Editorial – Issue 3

J M Thomson: Looking forward

As we near the end of our first year we have a better sense of our purpose and direction and are able to make adjustments and changes. First, the Peppercorn Press is a registered charity and its six members give their services freely, receiving no remuneration. All outside contributors, however, are paid. When we began, we did not quite realise what the upsurge in New Zealand publishing meant in terms of the number of good and exceptional books in many fields that deserved considerate reviews. The range extended from inspired children’s books, through to innovatory works on the environment, including archaeology and gardening, to history, art, Maori culture, architecture and literature, not to mention the myriad serious studies of sociological and educational questions. New Zealand has become a highly literate society in a different way from ever before and there are no signs that this is likely to diminish significantly or cease, despite the present economic climate and an induced tendency towards pessimism and despair. For books and publishing are a counterbalancing index of the vitality of a culture and the common coinage of communication between all the arts and sciences.

Along with an intensely active publishing scene we have found that many more skilled reviewers existed than we had imagined and far more of these offer their services than, regrettably, we can at present make use of. All this is cause for rejoicing but it is also, for us, a frustration because the economics of publishing this kind of review have so far limited us to twenty pages of tightly-packed reading matter. To have gone so far has been possible thanks to the Literature Programme of the QEII Arts Council, our publisher sponsors, our patrons who have made loans or gifts and the assistance of the English Department of Massey University. We could without difficulty double our size and we could easily develop the visual side of tile journal to make effective use of the many gifted photographers, graphic and other artists jostling for recognition.

We are actively seeking sponsorship for what we think is a nationally valuable enterprise and we are seeking for ways of becoming more financially viable. To this end we have raised our subscription, originally based on an eight-page issue, to a more realistic level. Our first-year subscribers have had an unexpected bonus and we hope that when die time comes for renewal after our next issue they will bear this in mind and wish to stay with us. Also, to reflect more accurately the rhythms of New Zealand publishing, we will now appear in March, June, September and December each year, so the next number at the end of February will bear a March imprint.

In order to cover published books comprehensively we have modified meantime our original notion of commissioning longish reviews in the style of the New York Review of Books and similar publications. By doing this we can touch on a much wider variety of themes as is evident in this issue. We want soon to include at least one outstanding book published overseas each quarter and provide not only more features on writing and associated topics but also an independent forum for political and social commentary.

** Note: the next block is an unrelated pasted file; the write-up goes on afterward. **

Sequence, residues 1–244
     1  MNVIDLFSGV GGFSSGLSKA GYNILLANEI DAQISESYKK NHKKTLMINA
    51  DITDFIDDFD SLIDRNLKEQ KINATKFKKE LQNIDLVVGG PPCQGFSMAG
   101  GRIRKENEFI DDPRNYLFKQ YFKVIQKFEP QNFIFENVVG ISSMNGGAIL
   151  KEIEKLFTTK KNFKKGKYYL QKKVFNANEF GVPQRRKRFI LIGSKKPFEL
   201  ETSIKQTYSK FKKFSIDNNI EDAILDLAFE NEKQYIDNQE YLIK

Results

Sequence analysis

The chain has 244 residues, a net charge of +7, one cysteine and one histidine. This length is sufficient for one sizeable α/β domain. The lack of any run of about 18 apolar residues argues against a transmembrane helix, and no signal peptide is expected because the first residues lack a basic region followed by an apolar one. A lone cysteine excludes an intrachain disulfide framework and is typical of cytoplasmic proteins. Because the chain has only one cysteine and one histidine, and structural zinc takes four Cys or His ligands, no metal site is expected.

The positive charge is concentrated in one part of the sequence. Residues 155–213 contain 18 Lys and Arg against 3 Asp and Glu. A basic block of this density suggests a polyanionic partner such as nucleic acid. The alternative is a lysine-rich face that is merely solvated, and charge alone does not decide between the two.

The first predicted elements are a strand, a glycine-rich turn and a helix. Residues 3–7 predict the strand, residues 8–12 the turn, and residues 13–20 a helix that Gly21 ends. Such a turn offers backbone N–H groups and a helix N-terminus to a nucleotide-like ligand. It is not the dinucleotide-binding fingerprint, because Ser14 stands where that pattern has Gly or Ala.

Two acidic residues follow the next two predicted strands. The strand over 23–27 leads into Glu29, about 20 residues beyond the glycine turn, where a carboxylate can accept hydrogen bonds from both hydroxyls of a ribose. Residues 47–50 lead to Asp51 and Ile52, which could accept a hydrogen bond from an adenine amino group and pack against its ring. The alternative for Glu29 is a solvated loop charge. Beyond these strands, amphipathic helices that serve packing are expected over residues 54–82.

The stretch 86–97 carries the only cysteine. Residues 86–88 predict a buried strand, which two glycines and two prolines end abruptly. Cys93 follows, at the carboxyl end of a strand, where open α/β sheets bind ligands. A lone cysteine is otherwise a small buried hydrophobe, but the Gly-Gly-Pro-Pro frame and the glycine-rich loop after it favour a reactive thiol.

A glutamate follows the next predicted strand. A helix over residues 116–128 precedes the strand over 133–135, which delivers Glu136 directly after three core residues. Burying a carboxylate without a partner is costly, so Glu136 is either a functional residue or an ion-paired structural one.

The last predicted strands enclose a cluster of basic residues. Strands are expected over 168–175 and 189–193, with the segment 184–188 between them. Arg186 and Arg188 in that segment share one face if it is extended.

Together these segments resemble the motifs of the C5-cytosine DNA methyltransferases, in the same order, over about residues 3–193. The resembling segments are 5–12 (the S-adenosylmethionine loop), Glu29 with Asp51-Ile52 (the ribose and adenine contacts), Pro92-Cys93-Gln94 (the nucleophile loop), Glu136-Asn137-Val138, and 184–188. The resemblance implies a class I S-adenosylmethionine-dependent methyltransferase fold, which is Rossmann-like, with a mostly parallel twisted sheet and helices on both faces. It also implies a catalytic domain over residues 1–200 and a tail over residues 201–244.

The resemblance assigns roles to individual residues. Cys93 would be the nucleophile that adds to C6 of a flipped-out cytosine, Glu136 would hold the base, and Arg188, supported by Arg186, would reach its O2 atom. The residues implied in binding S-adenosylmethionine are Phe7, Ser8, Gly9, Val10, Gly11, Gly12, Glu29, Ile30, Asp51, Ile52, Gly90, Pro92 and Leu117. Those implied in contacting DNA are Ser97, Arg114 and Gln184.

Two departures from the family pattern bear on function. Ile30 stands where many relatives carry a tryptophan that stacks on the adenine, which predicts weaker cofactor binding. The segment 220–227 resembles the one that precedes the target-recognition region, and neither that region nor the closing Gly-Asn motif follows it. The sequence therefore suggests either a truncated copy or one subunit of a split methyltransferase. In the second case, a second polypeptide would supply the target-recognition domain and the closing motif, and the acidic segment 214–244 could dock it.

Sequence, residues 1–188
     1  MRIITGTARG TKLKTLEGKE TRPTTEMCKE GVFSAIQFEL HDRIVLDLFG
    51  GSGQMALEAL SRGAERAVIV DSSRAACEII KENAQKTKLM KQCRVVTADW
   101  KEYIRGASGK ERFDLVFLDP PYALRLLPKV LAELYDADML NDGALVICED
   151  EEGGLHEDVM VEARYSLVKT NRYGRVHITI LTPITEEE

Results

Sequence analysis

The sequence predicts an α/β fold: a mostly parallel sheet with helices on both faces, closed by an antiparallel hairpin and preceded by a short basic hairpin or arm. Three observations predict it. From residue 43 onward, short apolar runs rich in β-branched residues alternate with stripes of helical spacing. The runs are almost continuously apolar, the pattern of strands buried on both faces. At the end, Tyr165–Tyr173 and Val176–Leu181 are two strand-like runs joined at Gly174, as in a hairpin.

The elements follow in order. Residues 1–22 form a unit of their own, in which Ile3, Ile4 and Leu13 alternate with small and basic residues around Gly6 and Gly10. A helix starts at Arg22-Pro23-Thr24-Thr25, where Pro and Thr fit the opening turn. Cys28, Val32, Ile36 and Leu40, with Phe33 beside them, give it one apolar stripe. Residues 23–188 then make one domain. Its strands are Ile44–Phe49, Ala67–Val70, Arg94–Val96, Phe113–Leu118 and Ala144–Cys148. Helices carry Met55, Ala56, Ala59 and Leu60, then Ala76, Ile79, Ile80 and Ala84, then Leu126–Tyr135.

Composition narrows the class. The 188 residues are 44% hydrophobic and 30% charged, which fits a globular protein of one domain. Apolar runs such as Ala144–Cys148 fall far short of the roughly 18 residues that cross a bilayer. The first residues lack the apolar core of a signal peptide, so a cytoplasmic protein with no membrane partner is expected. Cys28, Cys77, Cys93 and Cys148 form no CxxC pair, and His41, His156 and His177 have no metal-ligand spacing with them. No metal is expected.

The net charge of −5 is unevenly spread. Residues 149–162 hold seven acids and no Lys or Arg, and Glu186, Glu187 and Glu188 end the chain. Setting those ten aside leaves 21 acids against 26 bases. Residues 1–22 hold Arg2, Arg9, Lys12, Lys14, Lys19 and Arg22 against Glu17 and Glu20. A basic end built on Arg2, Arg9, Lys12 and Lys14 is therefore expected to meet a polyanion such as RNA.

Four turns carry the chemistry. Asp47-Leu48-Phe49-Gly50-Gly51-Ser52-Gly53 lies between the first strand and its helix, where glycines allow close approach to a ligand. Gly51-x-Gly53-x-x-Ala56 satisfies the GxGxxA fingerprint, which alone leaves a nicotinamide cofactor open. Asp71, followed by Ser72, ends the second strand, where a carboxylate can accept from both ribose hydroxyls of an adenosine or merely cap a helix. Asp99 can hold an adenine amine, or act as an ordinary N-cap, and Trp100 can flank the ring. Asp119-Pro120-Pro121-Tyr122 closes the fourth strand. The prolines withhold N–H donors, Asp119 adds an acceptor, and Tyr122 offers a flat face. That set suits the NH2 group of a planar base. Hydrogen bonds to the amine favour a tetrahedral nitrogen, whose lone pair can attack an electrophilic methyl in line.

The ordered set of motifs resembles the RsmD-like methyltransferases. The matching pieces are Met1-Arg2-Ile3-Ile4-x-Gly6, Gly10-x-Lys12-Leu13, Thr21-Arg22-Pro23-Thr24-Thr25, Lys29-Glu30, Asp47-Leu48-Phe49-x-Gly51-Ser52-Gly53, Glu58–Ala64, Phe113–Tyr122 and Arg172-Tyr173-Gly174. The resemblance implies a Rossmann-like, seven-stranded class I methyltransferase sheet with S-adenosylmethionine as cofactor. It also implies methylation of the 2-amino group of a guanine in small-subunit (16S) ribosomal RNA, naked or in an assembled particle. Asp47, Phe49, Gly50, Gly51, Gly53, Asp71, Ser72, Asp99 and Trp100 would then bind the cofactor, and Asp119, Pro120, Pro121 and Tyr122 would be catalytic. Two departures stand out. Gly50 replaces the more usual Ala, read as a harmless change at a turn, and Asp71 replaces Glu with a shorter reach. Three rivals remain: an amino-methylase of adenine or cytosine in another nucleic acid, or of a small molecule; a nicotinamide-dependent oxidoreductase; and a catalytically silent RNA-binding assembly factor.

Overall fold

We believe that the issue of what kind of society New Zealand will become in the next decades is central to our role and existence. If many of the present controllers of our destiny had their way New Zealand would soon become a sleazier version of some B-grade movie, with the worst aspects of market-orientated, user-pays philosophies dominant. Every aspect of public service is under threat from education to broadcasting. The core of excellence which has lain at the heart of so many activities and achievements, Maori and Pakeha, is daily assailed and diminished by those proposing dismantling and change in the name of cost effectiveness. We support the concepts of public broadcasting, national libraries, art galleries and museums, health and educational systems. We respect the integrity of the countless individuals who have built up these entities into their present forms and by doing so created without artificial strivings, a cultural identity. We believe New Zealanders can be as innovative in administration and organisation as they are in agriculture, engineering, computing and the arts. The biggest test of all will he our ability eventually to overhaul and restructure an obsolete political system, a task which has so far defied attempts to do so in the culture that has been our role model, that of Britain. A preliminary step towards this would he the introduction of proportional representation. If other aspects of society are undergoing scrutiny why not include the political. If the analytical energies and insights applied in these pages to poetry, history and the novel were to be turned towards this task the betting is that idealism might not be the enemy of profitability as is assumed today and that constructive steps of reform would not only become apparent, but could without doubt be gradually instituted ‑ despite the breast beatings of incumbents on the way.

Meantime there are biographies, poems, novels and many kinds of practical books to be explored and assessed, symbols of high accomplishments and harbingers of things to come.


[John Mansfield Thomson was the founding editor of New Zealand Books.]


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